Messing around with procedural art - Turtle graphics

Let's take a short break from Pygrr to delve back into the world of Turtle graphics.

Turtle graphics: an introduction

Well, what are they? Turtle graphics are a simple vector graphic system in programming that uses a relative cursor known as a Turtle to plot data onto a Cartesian plane.

Nice, that didn't clear it up at all! To put it simply, Turtle graphics are a type of programming concept where an object (consider it a "pen") is moved around a 2D canvas, drawing wherever it goes! Most people who know Python will be aware of the Turtle module - this is a Pythonic implementation of Turtle graphics (fun fact: it uses Tkinter too, like Pygrr!). Turtle graphics are a key feature of the programming language "Logo".

Uses of Turtle graphics

Turtle graphics are a popular way to introduce programming to kids, and are often used for this!

They are also used as a quick way to implement graphic representation of data when debugging or writing code, as they are super easy to write. They're not the fastest, so they're typically not used in the final build, but they're invaluable when writing code!

Neither of these are what we're talking about today: today is all about procedural art...


Procedural art, also known as Generative art, is art created with aid from a computer. So, you give the computer some data or rules to follow, and through a typically iterative or procedural process, the computer will yield an art piece.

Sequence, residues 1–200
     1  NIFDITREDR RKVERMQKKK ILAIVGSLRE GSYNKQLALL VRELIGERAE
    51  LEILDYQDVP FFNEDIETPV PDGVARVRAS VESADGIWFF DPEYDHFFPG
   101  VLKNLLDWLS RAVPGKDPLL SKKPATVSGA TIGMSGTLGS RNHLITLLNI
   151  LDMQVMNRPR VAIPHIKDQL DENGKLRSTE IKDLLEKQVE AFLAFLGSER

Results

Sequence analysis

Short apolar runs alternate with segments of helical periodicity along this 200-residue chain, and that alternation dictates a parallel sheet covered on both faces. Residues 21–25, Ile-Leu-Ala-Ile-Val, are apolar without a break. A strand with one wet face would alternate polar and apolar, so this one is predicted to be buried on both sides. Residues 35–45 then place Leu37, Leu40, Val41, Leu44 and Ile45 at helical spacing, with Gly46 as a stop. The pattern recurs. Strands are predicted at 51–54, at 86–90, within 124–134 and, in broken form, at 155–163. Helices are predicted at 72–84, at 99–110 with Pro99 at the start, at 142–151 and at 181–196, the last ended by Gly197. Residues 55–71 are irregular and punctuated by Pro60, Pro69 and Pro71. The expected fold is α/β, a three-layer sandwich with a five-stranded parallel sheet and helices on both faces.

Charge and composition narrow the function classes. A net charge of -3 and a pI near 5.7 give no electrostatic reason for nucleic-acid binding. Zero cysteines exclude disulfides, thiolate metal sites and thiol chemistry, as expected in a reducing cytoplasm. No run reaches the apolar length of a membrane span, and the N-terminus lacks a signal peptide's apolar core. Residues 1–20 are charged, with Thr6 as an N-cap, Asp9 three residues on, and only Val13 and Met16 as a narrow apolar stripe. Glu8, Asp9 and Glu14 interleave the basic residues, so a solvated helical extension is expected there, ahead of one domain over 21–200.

Make sure to remember that you remember that although it is done with the help of a computer, it is still art, and takes a while to do and master - it's not as simple as click a few buttons, contrary to common belief... Well, I don't have the time to become an artist today, so let's just delve right into making art with Turtle graphics in Python!


So, with Python, you can import the Turtle module to get started! I've defined a small function that when ran, will make the turtle's colour fade from black to red, and red to black (the word "turtle" in lowercase refers to the cursor or "pen" moving throughout the screen, and in uppercase it refers to the Python module as a whole).

I've also gone ahead and disabled Turtle's rendering using tracer(0,0), which will now mean I have to call update() to render the stuff onto the canvas - this allows me to make things run faster, avoiding unnecessary calls to update which happen every action the turtle performs by default.

Now, we make an infinite loop that increments local variable i forever, and that breaks when the space key is pressed (I used onkey() and listen() to do this). I i is directly visible by 100, we will update the screen. This may make it look jittery, as every 100 actions we are rendering the screen, which is much less than the standard 30 or so fps, but it speeds things up! 

Now, let's to do some art...

We'll start with a simple but chaotic looking one. In the loop, we'll rotate the turtle by 120 degrees plus i degrees divided by 10,000. We divide i as otherwise it gets too big, and the image rendered is waaaay too big to fit on the screen! Then we'll move the turtle forward by i. Remember, whenever the turtle moves, it draws a line behind it!

This gives us this output image:

And here's the code:

import turtle

i = 0

while True:

    turtle.right((i ** 2) / 10_000)

    turtle.forward(i)

    turtle.right(120)

    if i % 100 == 0:

         turtle.update()

         i += 1

We can do different rotations and moving in the loop, and it'll draw different things. Here are some others I made (these are all single-line drawings - the turtle never takes its pen off the canvas):




Now all we need is an art gallery to contact me!

Isaac, over and out...


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